Foundation for Rural & Regional Renewal
And support from new IRCF Program Manager and facilitator
Seven not-for-profit organisations (NFPs) are sharing in $135,471 for projects that will strengthen the NFP sector and inter-organisational relationships in Nowra, helping the community to thrive and achieve long-term stability. Nowra NFPs will also have on-the-ground support from a new South Coast Program Manager and local facilitator.
Funded through FRRR’s Investing in Rural Community Futures (IRCF) program, in partnership with The Snow Foundation, these grants will allow Nowra NFPs to properly develop the tools, resources and skills they need to achieve longevity and create permanent change in their communities.
IRCF is a multi-year grassroots program aimed at building the capacity and connectedness of NFPs in select communities in regional New South Wales. As well as grants, these recipients will receive organisational support and coordination in the form of workshops that will help them to implement more effective systems, processes and training within their organisations.
Among the seven projects funded, there is a focus on developing leadership and business skills, technological transformation, cultural immersion and community engagement. These projects address needs highlighted through a community-led Roadmap, the development of which was facilitated by FRRR.
Natalie Egleton, CEO of FRRR, said that these initiatives will have a lasting impact on the people of Nowra.
“It’s fantastic to see the not-for-profit organisations in this round of grants collaborating and learning from their peers, and successfully applying that knowledge to the unique needs and circumstances of their own communities.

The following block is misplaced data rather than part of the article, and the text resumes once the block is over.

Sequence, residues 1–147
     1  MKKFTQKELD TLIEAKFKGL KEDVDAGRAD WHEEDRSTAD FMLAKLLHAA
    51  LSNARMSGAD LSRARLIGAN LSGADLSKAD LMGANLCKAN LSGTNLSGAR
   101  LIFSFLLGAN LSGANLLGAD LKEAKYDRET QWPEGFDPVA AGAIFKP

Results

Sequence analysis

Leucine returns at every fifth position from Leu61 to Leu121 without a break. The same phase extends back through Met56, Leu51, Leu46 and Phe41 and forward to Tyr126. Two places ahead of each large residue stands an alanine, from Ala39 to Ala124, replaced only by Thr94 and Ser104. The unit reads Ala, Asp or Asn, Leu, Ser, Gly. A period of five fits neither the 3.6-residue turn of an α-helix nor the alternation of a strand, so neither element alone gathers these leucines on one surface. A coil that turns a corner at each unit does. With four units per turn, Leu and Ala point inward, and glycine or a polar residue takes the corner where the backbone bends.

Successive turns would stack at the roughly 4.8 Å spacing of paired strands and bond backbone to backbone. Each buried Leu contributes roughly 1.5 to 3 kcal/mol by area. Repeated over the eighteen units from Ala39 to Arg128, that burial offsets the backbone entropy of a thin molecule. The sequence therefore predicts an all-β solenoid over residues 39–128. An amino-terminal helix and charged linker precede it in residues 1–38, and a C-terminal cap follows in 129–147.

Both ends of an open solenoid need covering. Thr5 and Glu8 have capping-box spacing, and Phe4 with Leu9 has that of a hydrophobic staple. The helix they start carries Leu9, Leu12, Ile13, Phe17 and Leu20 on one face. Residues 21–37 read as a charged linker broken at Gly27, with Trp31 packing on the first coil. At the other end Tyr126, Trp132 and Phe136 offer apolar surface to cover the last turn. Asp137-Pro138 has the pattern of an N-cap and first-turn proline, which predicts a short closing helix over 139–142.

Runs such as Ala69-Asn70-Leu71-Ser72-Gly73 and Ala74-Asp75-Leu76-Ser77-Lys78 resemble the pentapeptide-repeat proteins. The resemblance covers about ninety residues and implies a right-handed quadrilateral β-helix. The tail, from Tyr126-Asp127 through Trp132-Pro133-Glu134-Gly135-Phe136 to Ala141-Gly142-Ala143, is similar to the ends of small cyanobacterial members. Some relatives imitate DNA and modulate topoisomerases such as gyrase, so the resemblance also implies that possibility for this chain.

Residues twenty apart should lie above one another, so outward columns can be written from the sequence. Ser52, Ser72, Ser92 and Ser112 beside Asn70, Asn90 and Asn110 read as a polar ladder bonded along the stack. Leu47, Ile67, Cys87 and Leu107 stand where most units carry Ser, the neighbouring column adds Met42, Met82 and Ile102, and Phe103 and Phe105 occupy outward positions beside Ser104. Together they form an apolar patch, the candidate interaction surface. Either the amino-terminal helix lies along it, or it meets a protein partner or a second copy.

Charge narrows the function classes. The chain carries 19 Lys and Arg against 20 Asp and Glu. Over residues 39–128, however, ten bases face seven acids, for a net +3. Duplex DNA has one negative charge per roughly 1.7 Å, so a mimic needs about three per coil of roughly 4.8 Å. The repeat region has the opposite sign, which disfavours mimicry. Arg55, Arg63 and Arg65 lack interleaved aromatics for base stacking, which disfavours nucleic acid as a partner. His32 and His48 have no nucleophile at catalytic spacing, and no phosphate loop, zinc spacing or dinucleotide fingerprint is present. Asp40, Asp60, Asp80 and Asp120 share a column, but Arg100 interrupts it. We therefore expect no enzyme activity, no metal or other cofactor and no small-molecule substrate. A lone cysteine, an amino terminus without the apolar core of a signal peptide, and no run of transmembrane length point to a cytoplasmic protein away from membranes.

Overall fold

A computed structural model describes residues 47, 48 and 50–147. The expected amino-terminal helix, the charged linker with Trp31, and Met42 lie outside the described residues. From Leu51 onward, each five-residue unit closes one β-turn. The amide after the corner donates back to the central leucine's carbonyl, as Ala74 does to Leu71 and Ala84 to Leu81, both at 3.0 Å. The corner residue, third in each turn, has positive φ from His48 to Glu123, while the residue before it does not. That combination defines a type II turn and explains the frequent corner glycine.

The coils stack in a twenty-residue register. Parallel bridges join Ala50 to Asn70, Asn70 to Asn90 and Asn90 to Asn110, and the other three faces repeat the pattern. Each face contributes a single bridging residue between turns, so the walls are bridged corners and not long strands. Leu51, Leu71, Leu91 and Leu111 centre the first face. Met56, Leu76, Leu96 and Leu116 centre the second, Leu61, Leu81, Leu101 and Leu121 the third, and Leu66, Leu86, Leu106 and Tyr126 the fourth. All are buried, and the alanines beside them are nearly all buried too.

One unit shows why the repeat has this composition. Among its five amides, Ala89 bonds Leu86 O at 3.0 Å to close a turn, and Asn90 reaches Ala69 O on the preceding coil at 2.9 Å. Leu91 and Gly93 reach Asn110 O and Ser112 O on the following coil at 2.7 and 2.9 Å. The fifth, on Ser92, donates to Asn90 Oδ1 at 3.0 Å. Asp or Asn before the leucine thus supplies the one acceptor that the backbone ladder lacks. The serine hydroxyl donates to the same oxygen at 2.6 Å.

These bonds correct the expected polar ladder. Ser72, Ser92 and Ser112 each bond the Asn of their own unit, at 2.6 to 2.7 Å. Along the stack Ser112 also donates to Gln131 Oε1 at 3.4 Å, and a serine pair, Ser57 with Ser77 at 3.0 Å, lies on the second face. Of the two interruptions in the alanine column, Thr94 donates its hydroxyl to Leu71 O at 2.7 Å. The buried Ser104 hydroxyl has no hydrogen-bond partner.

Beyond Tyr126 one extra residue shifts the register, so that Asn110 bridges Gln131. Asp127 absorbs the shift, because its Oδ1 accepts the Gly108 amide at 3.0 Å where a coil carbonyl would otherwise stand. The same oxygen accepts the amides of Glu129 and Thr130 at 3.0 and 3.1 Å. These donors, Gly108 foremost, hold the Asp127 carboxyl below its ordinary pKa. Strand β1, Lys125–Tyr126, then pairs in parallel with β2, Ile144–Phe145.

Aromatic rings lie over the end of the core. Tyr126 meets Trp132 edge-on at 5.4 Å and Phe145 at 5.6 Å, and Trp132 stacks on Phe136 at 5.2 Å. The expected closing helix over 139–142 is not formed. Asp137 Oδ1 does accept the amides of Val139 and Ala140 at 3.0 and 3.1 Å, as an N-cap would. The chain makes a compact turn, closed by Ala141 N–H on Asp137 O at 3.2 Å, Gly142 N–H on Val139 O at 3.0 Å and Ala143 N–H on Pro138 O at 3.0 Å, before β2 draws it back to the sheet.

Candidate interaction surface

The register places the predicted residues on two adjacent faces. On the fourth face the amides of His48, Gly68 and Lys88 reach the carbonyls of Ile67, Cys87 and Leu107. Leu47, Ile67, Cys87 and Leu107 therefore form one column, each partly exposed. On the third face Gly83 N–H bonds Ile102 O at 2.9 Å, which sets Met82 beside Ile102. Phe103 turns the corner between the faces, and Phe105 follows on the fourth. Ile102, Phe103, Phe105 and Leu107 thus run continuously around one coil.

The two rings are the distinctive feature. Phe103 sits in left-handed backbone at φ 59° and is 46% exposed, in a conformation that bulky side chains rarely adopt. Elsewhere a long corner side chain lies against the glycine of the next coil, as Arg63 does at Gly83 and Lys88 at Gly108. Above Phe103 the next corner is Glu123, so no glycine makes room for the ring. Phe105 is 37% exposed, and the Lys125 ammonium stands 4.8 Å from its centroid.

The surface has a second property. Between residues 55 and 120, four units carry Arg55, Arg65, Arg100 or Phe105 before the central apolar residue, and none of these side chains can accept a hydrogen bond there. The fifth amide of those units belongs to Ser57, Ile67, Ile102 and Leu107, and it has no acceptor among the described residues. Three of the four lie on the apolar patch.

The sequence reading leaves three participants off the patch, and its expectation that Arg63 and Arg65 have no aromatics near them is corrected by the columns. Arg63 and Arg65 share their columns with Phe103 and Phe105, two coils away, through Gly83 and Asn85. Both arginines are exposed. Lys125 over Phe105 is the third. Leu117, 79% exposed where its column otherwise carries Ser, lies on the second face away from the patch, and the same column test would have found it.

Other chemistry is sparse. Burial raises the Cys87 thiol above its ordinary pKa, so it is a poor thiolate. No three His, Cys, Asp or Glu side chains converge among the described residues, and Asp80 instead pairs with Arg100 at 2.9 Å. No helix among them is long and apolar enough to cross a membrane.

“It’s wonderful to see local organisations prioritising community engagement and creating safe cultural spaces. This includes the South Coast Women’s Health & Welfare Aboriginal Corporation, which is using their funding to deliver cultural immersion sessions to 30 Nowra NFP representatives in response to vision identified in the Nowra Community Roadmap,” Ms Egleton said.
Terry Snow, Founder of The Snow Foundation, said partnering with FRRR has allowed his Foundation to have a significant impact on regional NSW areas such as Nowra.
“Having a home and running a business on the South Coast, I understand how important it is to support these not-for-profit organisations. They provide crucial support and fill gaps that help to keep these communities vibrant and self-sufficient. With the resources provided by this program, these organisations will create real change.
“A great example of this is the Nowra Community Food Store, which is using their grant to set up an E-commerce website with an option for contactless delivery, so that families in the Shoalhaven region who don’t own a car can still access fresh food.”
The five other grant recipients in the Nowra region are:
- Cullunghutti Aboriginal Child and Family Centre Aboriginal Corporation, Nowra – Laying the Foundations for the Future of Cullunghutti Aboriginal Child and Family Centre Aboriginal Corporation – Support the Centre’s future vision and rapid growth by appointing a temporary Community Centre Team Leader to support the CEO in an operational capacity. $30,000
- Nowra Sub-Branch of the Returned and Services League of Australia New South Wales Branch, Nowra – Nowra RSL Sub-Branch Upgrade Project 2021 – Accelerate digital transformation and enhance client experience through upgrades to IT equipment and furniture. $16,469
- Shoalhaven Community Preschool Inc, Nowra – The Growth Strategy Project – Strengthen the leadership capacity of the Centre during the Preschool’s relocation and expansion by providing a wage subsidy, expert consultants and professional development. $22,000
- Shoalhaven Health and Arts Inc, Bomaderry – Capacity Building for SHAA’s Future – Strengthen the capacity of SHAA to respond to community demand for their mental health, arts and events programs by paying wages for the currently volunteer-based managers. $14,112
- South Coast Beef Producers Association Inc, Nowra – Governance Training for South Coast Beef Management Committee Members – Strengthen the governance and strategic vision of South Coast Beef through the training of the management committee in governance foundations. $10,590
New IRCF Program Manager – South Coast and Nowra facilitator